The motives of the people working on DSM 5 have often been questioned. They have been accused of having a financial conflict of interest because some have (minimal) drug company ties and also because so many of the DSM 5 changes will enhance Pharma profits by adding to our already existing societal overdose of carelessly prescribed psychiatric medicine. But I know the people working on DSM 5 and know this charge to be both unfair and untrue. Indeed, they have made some very bad decisions, but they did so with pure hearts and not because they wanted to help the drug companies. Their’s is an intellectual, not financial, conflict of interest that results from the natural tendency of highly specialized experts to over value their pet ideas, to want to expand their own areas of research interest, and to be oblivious to the distortions that occur in translating DSM 5 to real life clinical practice (particularly in primary care where 80% of psychiatric drugs are prescribed).

The APA’s deep dependence on the publishing profits generated by the DSM 5 business enterprise creates a far less pure motivation. There is an inherent and influential conflict of interest between the DSM 5 public trust and DSM 5 as a best seller. When its deadlines were consistently missed due to poor planning and disorganized implementation, APA chose quietly to cancel the DSM 5 field testing step that was meant to provide it with a badly needed opportunity for quality control. The current draft has been approved and is now being rushed prematurely to press with incomplete field testing for one reason only- so that DSM 5 publishing profits can fill the big hole in APA’s projected budget and return dividends on the exorbitant cost of 25 million dollars that has been charged to DSM 5 preparation.

This is no way to prepare or to approve a diagnostic system. Psychiatric diagnosis has become too important in selecting treatments, determining eligibility for benefits and services, allocating resources, guiding legal judgments, creating stigma, and influencing personal expectations to be left in the hands of an APA that has proven itself incapable of producing a safe, sound, and widely accepted manual.

New diagnoses in psychiatry are more dangerous than new drugs because they influence whether or not millions of people are placed on drugs- often by primary care doctors after brief visits. Before their introduction, new diagnoses deserve the same level of attention to safety that we devote to new drugs. APA is not competent to do this.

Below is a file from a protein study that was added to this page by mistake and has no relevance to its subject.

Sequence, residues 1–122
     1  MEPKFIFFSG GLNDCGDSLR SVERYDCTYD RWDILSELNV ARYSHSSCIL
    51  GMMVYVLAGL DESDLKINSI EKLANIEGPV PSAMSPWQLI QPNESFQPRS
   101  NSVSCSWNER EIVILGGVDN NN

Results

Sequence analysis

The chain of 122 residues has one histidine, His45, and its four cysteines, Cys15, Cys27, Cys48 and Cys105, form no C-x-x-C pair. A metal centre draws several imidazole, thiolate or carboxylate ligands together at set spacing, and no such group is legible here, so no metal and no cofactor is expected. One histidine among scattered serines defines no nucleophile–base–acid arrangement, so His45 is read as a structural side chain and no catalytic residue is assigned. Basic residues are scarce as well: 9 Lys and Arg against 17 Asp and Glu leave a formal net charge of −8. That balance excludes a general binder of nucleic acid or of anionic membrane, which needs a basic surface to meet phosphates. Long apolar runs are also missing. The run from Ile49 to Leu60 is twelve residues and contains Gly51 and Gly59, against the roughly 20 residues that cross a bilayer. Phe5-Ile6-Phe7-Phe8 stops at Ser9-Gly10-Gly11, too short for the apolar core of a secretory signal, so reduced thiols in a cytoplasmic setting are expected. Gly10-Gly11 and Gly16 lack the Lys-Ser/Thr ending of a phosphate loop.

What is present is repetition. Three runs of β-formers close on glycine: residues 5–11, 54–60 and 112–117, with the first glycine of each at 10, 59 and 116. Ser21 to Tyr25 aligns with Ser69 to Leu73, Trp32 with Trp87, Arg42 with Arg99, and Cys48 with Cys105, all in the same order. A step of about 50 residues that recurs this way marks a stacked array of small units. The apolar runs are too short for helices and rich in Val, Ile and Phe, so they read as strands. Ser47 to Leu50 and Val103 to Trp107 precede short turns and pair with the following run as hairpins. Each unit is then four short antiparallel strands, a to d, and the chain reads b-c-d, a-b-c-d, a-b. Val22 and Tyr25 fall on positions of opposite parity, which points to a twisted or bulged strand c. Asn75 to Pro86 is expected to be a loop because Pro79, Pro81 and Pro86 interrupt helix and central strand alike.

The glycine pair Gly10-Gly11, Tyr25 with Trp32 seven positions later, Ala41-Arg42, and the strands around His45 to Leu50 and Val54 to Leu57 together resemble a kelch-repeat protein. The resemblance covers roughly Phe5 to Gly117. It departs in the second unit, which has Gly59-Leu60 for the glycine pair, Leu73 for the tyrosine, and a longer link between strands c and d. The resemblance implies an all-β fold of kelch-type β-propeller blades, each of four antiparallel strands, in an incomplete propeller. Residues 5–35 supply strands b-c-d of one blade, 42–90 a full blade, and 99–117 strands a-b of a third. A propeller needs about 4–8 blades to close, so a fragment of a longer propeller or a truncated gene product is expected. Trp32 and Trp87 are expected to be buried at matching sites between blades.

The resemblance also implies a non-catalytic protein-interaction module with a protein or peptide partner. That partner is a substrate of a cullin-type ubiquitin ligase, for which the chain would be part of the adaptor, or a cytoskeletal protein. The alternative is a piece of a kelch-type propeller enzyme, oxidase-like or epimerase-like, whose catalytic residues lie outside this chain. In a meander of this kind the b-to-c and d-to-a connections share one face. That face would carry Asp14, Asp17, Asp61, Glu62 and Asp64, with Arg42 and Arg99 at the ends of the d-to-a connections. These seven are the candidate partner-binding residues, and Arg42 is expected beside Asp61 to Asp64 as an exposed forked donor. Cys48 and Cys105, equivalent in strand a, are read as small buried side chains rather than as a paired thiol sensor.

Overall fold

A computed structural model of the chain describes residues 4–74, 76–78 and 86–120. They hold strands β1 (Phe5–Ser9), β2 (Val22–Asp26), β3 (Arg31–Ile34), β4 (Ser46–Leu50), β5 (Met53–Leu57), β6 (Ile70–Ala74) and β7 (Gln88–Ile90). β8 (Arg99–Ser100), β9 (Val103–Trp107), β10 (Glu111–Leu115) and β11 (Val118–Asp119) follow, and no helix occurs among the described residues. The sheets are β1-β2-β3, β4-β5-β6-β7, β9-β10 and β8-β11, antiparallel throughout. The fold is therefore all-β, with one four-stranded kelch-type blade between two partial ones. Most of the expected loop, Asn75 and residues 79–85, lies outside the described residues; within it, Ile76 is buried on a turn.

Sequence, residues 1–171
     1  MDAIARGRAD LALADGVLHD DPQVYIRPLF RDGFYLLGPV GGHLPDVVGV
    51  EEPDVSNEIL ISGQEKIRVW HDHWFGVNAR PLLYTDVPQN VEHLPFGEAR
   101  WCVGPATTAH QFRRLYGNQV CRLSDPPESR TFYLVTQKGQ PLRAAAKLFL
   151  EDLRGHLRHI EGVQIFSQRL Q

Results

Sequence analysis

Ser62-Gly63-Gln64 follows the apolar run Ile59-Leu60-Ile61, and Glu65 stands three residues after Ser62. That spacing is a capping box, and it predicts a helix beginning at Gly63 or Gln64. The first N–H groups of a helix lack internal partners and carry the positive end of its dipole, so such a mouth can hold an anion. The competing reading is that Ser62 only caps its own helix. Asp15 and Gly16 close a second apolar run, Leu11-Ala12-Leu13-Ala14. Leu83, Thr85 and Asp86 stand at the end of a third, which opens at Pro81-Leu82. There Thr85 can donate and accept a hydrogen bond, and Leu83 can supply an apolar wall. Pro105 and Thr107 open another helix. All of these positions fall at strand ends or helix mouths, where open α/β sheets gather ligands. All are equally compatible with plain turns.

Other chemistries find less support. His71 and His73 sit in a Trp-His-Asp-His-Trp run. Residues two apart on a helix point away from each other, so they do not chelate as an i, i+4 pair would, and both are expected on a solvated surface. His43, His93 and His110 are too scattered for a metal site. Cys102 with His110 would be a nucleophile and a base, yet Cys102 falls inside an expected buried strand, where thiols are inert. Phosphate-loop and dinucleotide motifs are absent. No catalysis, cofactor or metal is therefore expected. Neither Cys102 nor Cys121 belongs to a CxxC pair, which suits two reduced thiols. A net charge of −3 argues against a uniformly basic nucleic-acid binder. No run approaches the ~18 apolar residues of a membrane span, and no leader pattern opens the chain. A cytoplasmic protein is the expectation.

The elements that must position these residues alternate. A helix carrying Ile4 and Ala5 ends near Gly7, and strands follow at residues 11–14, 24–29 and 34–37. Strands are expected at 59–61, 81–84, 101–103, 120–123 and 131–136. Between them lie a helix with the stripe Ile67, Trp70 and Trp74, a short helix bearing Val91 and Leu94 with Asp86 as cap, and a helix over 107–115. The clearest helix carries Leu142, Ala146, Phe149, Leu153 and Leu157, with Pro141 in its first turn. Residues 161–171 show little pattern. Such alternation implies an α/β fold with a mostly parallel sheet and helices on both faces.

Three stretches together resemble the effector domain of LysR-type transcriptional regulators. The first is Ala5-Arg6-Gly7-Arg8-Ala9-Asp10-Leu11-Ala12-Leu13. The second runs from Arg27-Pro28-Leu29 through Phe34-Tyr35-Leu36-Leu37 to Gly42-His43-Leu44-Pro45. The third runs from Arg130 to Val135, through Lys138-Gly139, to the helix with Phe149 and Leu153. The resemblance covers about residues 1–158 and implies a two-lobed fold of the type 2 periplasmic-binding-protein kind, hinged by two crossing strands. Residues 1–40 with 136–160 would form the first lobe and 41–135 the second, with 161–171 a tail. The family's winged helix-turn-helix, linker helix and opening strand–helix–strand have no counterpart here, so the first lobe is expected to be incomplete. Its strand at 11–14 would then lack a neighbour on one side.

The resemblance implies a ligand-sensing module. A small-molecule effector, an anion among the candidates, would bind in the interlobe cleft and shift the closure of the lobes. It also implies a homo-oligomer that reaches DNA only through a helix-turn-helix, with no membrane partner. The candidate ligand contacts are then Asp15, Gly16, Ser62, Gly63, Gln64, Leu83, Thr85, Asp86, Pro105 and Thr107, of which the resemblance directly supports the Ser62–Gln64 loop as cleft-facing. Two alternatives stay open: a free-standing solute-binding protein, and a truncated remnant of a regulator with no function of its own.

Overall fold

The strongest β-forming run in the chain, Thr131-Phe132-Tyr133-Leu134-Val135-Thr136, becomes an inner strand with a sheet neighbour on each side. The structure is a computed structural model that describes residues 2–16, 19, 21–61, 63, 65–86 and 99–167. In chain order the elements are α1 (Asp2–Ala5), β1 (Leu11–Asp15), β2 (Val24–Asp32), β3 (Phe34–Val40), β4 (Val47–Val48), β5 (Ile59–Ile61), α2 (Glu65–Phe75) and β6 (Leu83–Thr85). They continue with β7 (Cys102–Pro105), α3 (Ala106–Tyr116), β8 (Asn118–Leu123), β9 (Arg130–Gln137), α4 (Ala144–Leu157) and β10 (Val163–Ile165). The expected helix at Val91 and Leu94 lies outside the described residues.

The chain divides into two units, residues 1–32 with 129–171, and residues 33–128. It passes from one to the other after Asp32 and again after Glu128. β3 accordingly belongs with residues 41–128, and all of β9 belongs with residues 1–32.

So, here is my list of DSM 5’s ten most potentially harmful changes. I would suggest that clinicians not follow these at all (or, at the very least, use them with extreme caution and attention to their risks); that potential patients be deeply skeptical, especially if the proposed diagnosis is being used as a rationale for prescribing medication for you or for your child; and that payers question whether some of these are suitable for reimbursement. My goal is to minimize the harm that may otherwise be done by unnecessary obedience to unwise and arbitrary DSM 5 decisions.

1) Disruptive Mood Dysregulation Disorder: DSM 5 will turn temper tantrums into a mental disorder- a puzzling decision based on the work of only one research group. We have no idea whatever how this untested new diagnosis will play out in real life practice settings, but my fear is that it will exacerbate, not relieve, the already excessive and inappropriate use of medication in young children. During the past two decades, child psychiatry has already provoked three fads- a tripling of Attention Deficit Disorder, a more than twenty-times increase in Autistic Disorder, and a forty-times increase in childhood Bipolar Disorder. The field should have felt chastened by this sorry track record and should engage itself now in the crucial task of educating practitioners and the public about the difficulty of accurately diagnosing children and the risks of over- medicating them. DSM 5 should not be adding a new disorder likely to result in a new fad and even more inappropriate medication use in vulnerable children.

2) Normal grief will become Major Depressive Disorder, thus medicalizing and trivializing our expectable and necessary emotional reactions to the loss of a loved one and substituting pills and superficial medical rituals for the deep consolations of family, friends, religion, and the resiliency that comes with time and the acceptance of the limitations of life.

3) The everyday forgetting characteristic of old age will now be misdiagnosed as Minor Neurocognitive Disorder, creating a huge false positive population of people who are not at special risk for dementia. Since there is no effective treatment for this ‘condition’ (or for dementia), the label provides absolutely no benefit (while creating great anxiety) even for those at true risk for later developing dementia. It is a dead loss for the many who will be mislabeled.

4) DSM 5 will likely trigger a fad of Adult Attention Deficit Disorder leading to widespread misuse of stimulant drugs for performance enhancement and recreation and contributing to the already large illegal secondary market in diverted prescription drugs.

5) Excessive eating 12 times in 3 months is no longer just a manifestation of gluttony and the easy availability of really great tasting food. DSM 5 has instead turned it into a psychiatric illness called Binge Eating Disorder.

6) The changes in the DSM 5 definition of Autism will result in lowered rates- 10% according to estimates by the DSM 5 work group, perhaps 50% according to outside research groups. This reduction can be seen as beneficial in the sense that the diagnosis of Autism will be more accurate and specific- but advocates understandably fear a disruption in needed school services. Here the DSM 5 problem is not so much a bad decision, but the misleading promises that it will have no impact on rates of disorder or of service delivery. School services should be tied more to educational need, less to a controversial psychiatric diagnosis created for clinical (not educational) purposes and whose rate is so sensitive to small changes in definition and assessment.